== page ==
This is why I have now started to extract the generator part of this past project into a more general framework. Currently boltzgen targets C++ and OpenCL using a shared symbolic description while providing various configuration options:

λ ~/p/d/boltzgen (boltzgen-env) ● ./boltzgen.py --help usage: boltzgen.py [-h] --lattice LATTICE --layout LAYOUT --precision PRECISION --geometry GEOMETRY --tau TAU [--disable-cse] [--functions FUNCTIONS [FUNCTIONS ...]] [--extras EXTRAS [EXTRAS ...]] language Generate LBM kernels in various languages using a symbolic description. positional arguments: language Target language (currently either "cl" or "cpp") optional arguments: -h, --help show this help message and exit --lattice LATTICE Lattice type (D2Q9, D3Q7, D3Q19, D3Q27) --layout LAYOUT Memory layout ("AOS" or "SOA") --precision PRECISION Floating precision ("single" or "double") --geometry GEOMETRY Size of the block geometry ("x:y(:z)") --tau TAU BGK relaxation time --disable-cse Disable common subexpression elimination --functions FUNCTIONS [FUNCTIONS ...] Function templates to be generated --extras EXTRAS [EXTRAS ...] Additional generator parameters

The goal is to build upon this foundation to provide an easy way to generate efficient code using a high level description of various collision models and boundary conditions. This should allow for easy comparision between various streaming patterns and memory layouts.

### » Symbolically generate D3Q19 OpenCL kernel using SymPy

June 15, 2019 at 20:45 | symlbm_playground | d71fae | Adrian KummerländerMy recent experiments in using the SymPy CAS library for automatically deriving optimized LBM codes have now evolved to the point where a single generator produces both D2Q9 and D3Q19 OpenCL kernels.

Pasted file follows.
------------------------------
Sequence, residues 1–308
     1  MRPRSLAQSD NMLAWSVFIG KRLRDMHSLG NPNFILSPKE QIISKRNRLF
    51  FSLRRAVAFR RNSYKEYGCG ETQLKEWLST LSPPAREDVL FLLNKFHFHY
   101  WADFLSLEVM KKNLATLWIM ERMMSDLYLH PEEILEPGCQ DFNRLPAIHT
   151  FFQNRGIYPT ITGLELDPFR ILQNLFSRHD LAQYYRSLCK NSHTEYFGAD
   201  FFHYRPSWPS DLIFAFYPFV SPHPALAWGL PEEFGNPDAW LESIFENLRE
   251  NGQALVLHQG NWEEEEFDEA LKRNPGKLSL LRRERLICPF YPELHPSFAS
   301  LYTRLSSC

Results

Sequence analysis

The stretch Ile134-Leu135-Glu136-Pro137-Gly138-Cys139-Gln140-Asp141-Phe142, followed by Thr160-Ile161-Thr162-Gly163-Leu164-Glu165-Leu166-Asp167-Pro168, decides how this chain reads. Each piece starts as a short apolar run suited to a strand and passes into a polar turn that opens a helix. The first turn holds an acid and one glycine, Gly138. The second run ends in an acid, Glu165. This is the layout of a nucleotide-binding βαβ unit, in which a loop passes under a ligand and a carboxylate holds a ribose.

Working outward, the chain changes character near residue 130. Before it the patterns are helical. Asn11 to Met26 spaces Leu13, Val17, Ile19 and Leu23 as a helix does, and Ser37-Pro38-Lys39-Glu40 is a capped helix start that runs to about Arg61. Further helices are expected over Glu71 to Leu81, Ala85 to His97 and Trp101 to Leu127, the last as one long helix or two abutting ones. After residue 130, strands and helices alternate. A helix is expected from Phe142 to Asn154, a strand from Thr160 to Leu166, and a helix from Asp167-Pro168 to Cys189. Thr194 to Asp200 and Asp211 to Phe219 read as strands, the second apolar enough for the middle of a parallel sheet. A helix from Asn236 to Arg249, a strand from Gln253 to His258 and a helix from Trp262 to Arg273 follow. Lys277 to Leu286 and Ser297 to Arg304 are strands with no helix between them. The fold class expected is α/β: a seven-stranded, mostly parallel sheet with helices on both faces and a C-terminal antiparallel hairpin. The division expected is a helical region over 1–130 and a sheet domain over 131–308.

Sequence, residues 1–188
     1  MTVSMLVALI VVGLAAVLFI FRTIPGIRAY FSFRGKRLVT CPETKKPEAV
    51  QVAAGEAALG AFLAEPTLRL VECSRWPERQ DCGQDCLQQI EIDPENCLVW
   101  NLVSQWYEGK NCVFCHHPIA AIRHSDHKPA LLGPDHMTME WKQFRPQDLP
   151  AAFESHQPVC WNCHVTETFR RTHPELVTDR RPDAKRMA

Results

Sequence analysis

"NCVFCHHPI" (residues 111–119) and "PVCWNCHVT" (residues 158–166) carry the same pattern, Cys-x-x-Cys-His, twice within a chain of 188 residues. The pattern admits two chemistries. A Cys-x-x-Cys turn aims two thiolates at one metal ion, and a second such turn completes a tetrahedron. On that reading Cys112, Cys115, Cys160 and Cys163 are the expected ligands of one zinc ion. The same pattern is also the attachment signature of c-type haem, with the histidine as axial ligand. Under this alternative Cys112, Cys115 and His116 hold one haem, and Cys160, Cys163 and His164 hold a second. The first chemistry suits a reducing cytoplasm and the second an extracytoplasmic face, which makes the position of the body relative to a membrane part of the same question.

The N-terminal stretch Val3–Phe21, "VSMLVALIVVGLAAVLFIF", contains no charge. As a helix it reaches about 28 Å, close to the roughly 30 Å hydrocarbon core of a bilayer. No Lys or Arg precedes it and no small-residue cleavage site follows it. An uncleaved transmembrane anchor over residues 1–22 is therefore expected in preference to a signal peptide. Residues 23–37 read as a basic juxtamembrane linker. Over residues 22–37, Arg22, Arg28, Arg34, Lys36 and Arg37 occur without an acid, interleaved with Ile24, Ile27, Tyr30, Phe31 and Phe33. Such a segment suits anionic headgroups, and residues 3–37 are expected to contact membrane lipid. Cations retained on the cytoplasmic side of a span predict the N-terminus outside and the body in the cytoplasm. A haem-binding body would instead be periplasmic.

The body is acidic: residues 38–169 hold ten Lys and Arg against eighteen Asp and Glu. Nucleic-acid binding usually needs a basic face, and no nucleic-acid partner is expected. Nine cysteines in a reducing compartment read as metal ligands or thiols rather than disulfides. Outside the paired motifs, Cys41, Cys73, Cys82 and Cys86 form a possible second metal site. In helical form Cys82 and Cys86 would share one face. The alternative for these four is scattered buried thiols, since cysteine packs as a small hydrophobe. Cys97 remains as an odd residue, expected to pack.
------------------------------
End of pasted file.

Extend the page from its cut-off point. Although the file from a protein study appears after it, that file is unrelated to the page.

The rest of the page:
Automatically deriving kernel implementations from the symbolic formulation of e.g. the BGK relaxation operator presents itself as a very powerful concept. This could potentially be developed to the point where a LBM specific code generator could produce highly optimized GPU programs tailored to arbitrary simulation problems.

### » Experimental visualization of the velocity curl

April 28, 2019 at 12:53 | compustream | ecaf66 | Adrian KummerländerCalculating the curl of our simulated velocity field requires an additional compute shader step. Handling of buffer and shader switching depending on the display mode is implemented rudimentarily for now. Most of this commit is scaffolding, the actual computation is more or less trivial:

const float dxvy = (getFluidVelocity(x+1,y).y - getFluidVelocity(x-1,y).y) / (2*convLength); const float dyvx = (getFluidVelocity(x,y+1).x - getFluidVelocity(x,y-1).x) / (2*convLength); setFluidExtra(x, y, dxvy - dyvx);

This implements the following discretization of the 2d curl operator:

Let $V : \mathbb{N}^2 \to \mathbb{R}^2$ be the simulated velocity field at discrete lattice points spaced by $\Delta x \in \mathbb{R}_{\gt 0}$. We want to approximate the $z$-component of the curl for visualization:

$\omega := \partial_x V_y - \partial_y V_x$

As we do not possess the actual function $V$ but only its values at a set of discrete points we approximate the two partial derivatives using a second order central difference scheme:

$\overline{\omega}(i,j) := \frac{V_y(i+1,j) - V_y(i-1,j)}{2 \Delta x} - \frac{V_x(i,j+1) - V_x(i,j-1)}{2 \Delta x}$

Note that the scene shader does some further rescaling of the curl to better fit the color palette. One issue that irks me is the emergence of some artefacts near boundaries as well as isolated “single-cell-vortices”. This might be caused by running the simulation too close to divergence but as I am currently mostly interested in building an interactive fluid playground it could be worth it to try running an additional smoothening shader pass to straighten things out.